GAFCON’s New Synod

GAFCON 2018 will include the first gathering of the movement’s synod. GAFCON has previously been led by a primatial council consisting of the leaders of its provinces with the assistance of a general secretary and his office in London.

The newly created synod will consist of three members from each province and fellowship of GAFCON. A fellowship is a gathering of laity, churches, and/or dioceses in provinces of the Anglican Communion that have not joined GAFCON. Its remit will be to provide a council of advice to the primates council.

GAFCON also announced the creation of nine networks that will assist joint ministry across its member provinces. These networks include church planting, theological education, bishops’ training, women’s ministry, youth and children, global mission partnerships, intercessory prayer, lawyers’ task force, and sustainable development.

By Esau McCaulley

Membership in GAFCON is a tricky thing. The decision to join GAFCON usually is in the hands of the primate.

But the authority of the primate varies from province to province. Some primates can decide such matters themselves. Others need the approval of their house of bishops or wider synod. Given these different approaches, it seems unlikely that any primate would join GAFCON if a significant portion of his province opposed it.

In practice, membership in GAFCON has had at least the implicit approval of the provinces involved. Nonetheless, every transition in primatial leadership raises the question of a province’s continued participation in GAFCON.

This issue is important because Archbishop Jackson Ole Sapit was elected primate of Kenya in 2016. He replaced Archbishop Eliud Wabukala, the previous chairman of the primates’ council. Archbishop Sapit has yet to join the primates’ council formally, but the GAFCON website lists him as a member.

I sat with him to discuss his role as archbishop and the province’s place in GAFCON.

“I came and we were faced with two immediate challenges,” he said of his early days as archbishop. “First there were the national elections in 2017. The country was divided along tribal lines and threatened to divide the church along tribal lines. My major challenge is how to keep the church together then how do to keep the nation together.”

Historically, two of the major tribes in Kenya have competed for leadership in church and state. Part of Archbishop Sapit’s work as a reconciler is rooted in his being part of the Masai. “I could not depend on my tribal vote because there are only nine in the election college,” he said. He had to learn how to work with different groups, and his election signaled the desire of the province for the same.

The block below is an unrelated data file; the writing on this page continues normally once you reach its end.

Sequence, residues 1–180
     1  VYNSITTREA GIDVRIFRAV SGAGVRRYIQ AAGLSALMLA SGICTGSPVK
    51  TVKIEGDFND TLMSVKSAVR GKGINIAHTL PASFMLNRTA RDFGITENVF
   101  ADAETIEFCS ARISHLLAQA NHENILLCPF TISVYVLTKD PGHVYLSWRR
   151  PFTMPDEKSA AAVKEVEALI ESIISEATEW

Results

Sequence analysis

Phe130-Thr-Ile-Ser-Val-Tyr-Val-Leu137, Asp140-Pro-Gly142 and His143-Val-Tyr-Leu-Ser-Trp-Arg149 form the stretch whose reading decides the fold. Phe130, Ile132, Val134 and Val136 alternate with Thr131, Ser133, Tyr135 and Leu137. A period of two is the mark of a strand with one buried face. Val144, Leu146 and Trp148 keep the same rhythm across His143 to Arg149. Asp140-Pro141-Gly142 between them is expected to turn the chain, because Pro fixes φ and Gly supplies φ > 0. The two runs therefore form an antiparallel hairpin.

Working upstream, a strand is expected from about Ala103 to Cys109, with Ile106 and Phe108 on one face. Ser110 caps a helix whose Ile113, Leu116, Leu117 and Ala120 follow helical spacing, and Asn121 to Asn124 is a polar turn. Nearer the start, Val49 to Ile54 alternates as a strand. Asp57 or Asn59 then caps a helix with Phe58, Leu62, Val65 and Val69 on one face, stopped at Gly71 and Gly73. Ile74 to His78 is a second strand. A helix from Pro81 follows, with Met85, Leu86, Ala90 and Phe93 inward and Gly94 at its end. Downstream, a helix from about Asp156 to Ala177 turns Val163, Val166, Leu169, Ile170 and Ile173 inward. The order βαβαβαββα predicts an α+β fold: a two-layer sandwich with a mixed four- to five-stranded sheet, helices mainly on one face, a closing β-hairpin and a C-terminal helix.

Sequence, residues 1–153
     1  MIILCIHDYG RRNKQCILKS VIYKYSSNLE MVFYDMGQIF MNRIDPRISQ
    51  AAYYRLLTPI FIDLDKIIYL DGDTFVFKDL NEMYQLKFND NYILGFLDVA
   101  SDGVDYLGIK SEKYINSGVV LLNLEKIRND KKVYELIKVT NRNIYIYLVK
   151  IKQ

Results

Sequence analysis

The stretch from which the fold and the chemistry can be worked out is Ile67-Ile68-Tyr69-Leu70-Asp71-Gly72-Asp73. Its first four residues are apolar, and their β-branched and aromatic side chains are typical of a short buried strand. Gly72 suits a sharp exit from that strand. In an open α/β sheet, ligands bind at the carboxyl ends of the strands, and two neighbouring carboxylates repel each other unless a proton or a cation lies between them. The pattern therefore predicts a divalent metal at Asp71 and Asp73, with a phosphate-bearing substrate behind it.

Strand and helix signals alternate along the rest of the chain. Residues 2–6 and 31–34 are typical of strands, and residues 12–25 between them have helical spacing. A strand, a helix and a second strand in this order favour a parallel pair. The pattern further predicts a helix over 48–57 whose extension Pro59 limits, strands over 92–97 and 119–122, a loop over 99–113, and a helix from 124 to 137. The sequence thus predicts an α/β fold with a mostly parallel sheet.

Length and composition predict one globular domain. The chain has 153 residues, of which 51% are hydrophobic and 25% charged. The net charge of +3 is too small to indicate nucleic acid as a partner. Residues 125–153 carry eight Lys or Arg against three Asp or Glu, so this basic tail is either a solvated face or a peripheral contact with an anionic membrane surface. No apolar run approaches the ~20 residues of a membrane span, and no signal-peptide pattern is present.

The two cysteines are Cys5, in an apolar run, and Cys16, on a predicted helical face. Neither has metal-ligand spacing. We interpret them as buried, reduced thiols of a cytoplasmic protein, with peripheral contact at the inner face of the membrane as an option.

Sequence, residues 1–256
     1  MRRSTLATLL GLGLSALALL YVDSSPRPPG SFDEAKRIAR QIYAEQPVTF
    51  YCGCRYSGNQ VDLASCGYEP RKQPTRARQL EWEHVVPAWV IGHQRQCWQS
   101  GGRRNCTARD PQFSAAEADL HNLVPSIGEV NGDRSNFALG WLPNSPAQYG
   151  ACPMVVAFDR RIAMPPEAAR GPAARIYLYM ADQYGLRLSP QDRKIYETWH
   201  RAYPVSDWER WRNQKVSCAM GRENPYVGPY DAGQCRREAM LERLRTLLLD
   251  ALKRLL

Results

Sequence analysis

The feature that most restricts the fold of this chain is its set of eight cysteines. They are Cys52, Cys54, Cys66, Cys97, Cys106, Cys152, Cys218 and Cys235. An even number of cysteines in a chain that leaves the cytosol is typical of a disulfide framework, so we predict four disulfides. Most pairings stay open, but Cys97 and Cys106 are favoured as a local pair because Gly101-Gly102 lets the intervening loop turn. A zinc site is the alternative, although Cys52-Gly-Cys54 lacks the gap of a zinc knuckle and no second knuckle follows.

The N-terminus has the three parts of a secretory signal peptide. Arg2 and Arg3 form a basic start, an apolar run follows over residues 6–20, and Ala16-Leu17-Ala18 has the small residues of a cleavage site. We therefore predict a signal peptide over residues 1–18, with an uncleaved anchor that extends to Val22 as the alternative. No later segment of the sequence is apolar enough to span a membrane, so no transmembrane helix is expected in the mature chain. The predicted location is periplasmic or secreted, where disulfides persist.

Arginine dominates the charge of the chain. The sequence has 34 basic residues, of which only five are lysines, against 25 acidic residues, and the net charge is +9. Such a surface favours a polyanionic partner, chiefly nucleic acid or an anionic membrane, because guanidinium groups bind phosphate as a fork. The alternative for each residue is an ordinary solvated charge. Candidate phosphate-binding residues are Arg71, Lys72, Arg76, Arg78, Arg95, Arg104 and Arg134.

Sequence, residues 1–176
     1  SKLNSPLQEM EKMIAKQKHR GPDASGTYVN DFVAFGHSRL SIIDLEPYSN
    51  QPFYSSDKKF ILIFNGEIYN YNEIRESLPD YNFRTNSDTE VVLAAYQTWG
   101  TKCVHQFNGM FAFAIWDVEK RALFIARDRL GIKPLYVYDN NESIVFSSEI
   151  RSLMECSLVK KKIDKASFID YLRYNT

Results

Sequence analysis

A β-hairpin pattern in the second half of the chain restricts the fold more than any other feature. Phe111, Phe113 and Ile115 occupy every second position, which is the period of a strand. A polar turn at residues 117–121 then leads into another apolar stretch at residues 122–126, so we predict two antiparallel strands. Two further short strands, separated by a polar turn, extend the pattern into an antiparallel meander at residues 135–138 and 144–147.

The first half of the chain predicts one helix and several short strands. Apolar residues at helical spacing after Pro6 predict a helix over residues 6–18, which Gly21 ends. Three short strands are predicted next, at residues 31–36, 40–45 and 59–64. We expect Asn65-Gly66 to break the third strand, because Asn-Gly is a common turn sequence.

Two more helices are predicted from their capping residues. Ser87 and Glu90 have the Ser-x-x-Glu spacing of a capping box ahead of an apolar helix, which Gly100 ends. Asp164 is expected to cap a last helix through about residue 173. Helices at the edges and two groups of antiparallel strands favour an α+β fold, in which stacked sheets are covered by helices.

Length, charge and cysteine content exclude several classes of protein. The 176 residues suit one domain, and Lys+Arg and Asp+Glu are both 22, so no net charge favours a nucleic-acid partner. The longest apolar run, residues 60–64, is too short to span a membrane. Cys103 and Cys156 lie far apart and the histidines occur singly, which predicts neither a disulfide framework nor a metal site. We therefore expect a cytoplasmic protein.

When asked about the Anglican Church of Kenya’s relationship with GAFCON, he said: “Kenya was a country that signed The Jerusalem Declaration in 2008, and I was here at that time. When I came in as archbishop, I began asking an important and vital question: What is the aspiration and hope of GAFCON? The answer given by the majority is that GAFCON is a movement for renewal and orthodox teaching.”

Kenya supports this focus on faithful teaching and effective ministry. “Kenya is by nature in the evangelical wing of the Anglican Communion. We preach Christ crucified. We believe the Scriptures. We believe that marriage is between a man and a woman. Therefore, what GAFCON stands for we 100 percent support.”

Archbishop Sapit is weary about the implications of some recent decisions by GAFCON. “If GAFCON creates parallel structures, what does this mean for the Communion? Are we heading into a separate church? If that is the direction, are we happy to wake up one day and say that we are not a part of the Anglican Communion? I do not think that we have arrived at that stage.”

Does his reticence mean that Kenya would drop its membership in GAFCON? It depends on what membership means. If membership means cutting on ties with Canterbury because of its relationship with the Episcopal Church, he would not support that decision.

“Everybody knows that we disagree with TEC,” he said, but this disagreement should not affect Kenya’s relationship with the Church of England.

Archbishop Sapit outlined three levels of relationships in the Anglican Communion: deep communion, which speaks to an unbroken relationship; fellowship, which means “I am in fellowship with you, but not deep communion”; and people “to whom the church must minister. We have a ministry to the whole world to love and reach out to them, even those who say or do things that are contrary to our faith.”

He says that Kenya remains in communion and engaged in joint ministry with the Anglican Church in North America. When asked about the Episcopal Church, he says it is important to stay in relationship with those with whom you disagree.

“We are not renouncing GAFCON,” he said. “We are here with 70 delegates. We still identify with this renewal, but if it reaches a point that GAFCON says that it wants to pull out of the Communion, we will have to go back to our synod and ask for direction.”

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